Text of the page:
The surprise was the mercury detected in the plants at about half of the 14 sampling sites in the watershed in the fall study even though this element was not detectable, by ICP-MS, in water at all sites. This prompted us to survey mercury in fish, keeping in mind that the ICP-MS instrument detects additional elements as well.

 
Figure 2 – Colorado Division of Wildlife and Colorado State University-Pueblo personnel electro-shocking fish at LF-1, the Lower Fountain Creek site below the confluence of Upper Fountain and Monument Creeks in Colorado Springs.

For the survey, sampling each site was a joint effort between personnel from the Colorado Division of Wildlife and CSU-Pueblo using an electro shocker (Figure 2). Initial samples were taken from March to May of 2009. During this time, multiple species were collected: brown trout, creek chubs, flathead chubs, longnose and white suckers, and stonerollers. Although, we were not able to collect a single fish species at all locations for comparison between sites. Of particular interest, the fish species in upper Fountain Creek, i.e., sites UF-1 to UF-4, were mostly brown trout.

Moving downstream, the results showed selenium in the watershed generally increased in whole fish, regardless of species, whereas mercury generally decreased (Figures 3 and 4). Another finding was the differences between selenium and mercury in selected tissues of fishes. Where ovarian tissue was present, the liver, skin and muscle in fish were individually dissected and analyzed separately. Results suggested that the ovaries and livers were highest in selenium whereas mercury was highest in muscle. As little ovarian tissue is present in the spring, we consulted with Division of Wildlife personnel in order to arrange a fall study. We conducted the survey of trout during October of 2010. Tissues from this survey are currently being analyzed.

 
Figure 3 – Selenium concentrations are expressed as micrograms per kilograms (µg/kg) dry weight in whole fish. Upper Fountain Creek sites are indicated by UF-1 through UF-4; Monument Creek, MC-1 through MC-5; and Lower Fountain Creek by LF-1 through LF-5.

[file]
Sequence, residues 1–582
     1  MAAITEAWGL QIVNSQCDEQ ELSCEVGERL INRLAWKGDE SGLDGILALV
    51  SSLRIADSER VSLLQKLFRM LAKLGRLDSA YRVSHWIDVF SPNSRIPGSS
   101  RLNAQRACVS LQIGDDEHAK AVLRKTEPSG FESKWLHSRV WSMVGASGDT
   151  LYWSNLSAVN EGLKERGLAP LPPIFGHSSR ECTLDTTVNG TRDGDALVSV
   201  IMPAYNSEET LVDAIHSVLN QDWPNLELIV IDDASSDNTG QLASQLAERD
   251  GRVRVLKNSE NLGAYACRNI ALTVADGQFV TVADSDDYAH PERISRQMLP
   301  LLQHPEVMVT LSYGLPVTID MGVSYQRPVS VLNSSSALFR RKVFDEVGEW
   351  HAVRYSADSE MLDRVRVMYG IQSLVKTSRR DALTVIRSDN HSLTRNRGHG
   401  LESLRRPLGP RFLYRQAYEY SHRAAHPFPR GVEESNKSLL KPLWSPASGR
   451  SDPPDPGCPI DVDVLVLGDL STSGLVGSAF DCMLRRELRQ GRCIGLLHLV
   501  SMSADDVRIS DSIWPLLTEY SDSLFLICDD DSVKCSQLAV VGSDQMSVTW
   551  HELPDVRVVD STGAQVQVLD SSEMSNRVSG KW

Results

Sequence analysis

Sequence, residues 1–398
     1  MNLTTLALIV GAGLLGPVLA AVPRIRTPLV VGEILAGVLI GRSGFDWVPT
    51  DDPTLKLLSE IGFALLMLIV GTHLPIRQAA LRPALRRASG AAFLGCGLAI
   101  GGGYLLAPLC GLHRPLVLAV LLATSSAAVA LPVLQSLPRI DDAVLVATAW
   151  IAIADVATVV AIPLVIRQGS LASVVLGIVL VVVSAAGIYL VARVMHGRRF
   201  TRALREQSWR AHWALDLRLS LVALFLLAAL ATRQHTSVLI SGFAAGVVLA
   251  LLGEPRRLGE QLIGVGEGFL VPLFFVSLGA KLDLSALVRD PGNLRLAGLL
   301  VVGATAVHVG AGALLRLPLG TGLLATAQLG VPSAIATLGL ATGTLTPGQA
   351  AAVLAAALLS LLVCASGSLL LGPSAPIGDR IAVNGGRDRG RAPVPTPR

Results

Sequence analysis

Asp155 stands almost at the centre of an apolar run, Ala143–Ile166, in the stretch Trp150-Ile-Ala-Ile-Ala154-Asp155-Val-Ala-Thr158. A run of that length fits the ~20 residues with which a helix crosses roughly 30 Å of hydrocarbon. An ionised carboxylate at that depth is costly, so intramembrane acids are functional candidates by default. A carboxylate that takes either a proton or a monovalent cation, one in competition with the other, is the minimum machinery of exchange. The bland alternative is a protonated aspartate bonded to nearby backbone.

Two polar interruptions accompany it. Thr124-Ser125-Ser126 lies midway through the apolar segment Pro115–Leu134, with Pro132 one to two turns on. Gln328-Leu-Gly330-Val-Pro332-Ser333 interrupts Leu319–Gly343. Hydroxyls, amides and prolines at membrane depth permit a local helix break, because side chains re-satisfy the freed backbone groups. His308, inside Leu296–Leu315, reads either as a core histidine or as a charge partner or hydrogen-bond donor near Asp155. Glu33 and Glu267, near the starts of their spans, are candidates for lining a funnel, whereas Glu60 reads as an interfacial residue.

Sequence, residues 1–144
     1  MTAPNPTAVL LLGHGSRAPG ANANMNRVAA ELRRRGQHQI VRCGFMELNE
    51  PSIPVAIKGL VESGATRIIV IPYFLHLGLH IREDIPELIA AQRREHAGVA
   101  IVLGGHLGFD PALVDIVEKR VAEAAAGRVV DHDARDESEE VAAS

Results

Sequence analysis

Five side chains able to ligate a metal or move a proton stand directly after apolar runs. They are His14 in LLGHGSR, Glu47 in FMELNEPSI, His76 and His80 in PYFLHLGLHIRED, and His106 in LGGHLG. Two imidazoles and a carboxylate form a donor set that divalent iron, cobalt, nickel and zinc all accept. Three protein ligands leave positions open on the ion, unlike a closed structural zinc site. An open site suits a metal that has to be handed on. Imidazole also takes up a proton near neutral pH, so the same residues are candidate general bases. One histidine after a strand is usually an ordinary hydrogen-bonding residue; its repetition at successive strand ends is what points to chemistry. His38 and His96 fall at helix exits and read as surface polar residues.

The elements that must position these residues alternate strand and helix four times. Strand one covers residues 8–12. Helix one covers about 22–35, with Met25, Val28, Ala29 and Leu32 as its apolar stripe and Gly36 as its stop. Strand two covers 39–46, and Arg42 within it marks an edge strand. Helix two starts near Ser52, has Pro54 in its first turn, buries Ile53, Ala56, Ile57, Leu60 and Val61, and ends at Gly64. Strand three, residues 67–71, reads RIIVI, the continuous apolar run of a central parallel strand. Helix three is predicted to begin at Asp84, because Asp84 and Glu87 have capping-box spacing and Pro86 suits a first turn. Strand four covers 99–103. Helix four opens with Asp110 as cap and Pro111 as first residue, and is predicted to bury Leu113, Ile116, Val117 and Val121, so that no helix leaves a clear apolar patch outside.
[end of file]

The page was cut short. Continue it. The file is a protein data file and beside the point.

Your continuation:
Figure 4 – Mercury concentrations are expressed as micrograms per kilograms (µg/kg) dry weight in whole fish. Upper Fountain Creek sites are indicated by UF-1 through UF-4; Monument Creek, MC-1 through MC-5; and Lower Fountain Creek by LF-1 through LF-5.

In addition to selenium and mercury in fish, other elements and sites in the watershed are being investigated. At present, we are addressing the influence of zinc, copper, arsenic, chromium, lead, and uranium on fish. Questions that we aim to answer include: Is it possible to show correlations between elements in fish tissues and in earlier studies when elements were found in fish-food organisms and plants addressed above? Can we corroborate elements in water, sediments, plants and fish tissues? This current investigation positions us to recognize additional problems in the watershed, and to understand their importance in the overall “water quality” component of the vision for establishing Fountain Creek as a Crown Jewel stream in Colorado.

Investigators:

Colorado State University-Pueblo Aquatic Research Center:
J. Carsella, S. Herrmann, D. Lehmpuhl, B. Vanden Heuvel, C. Kinney, P. Cabot, K. McGarvy, D. Nimmo
Colorado Division of Wildlife, Colorado Springs Office:
G. Dowler and P. Foutz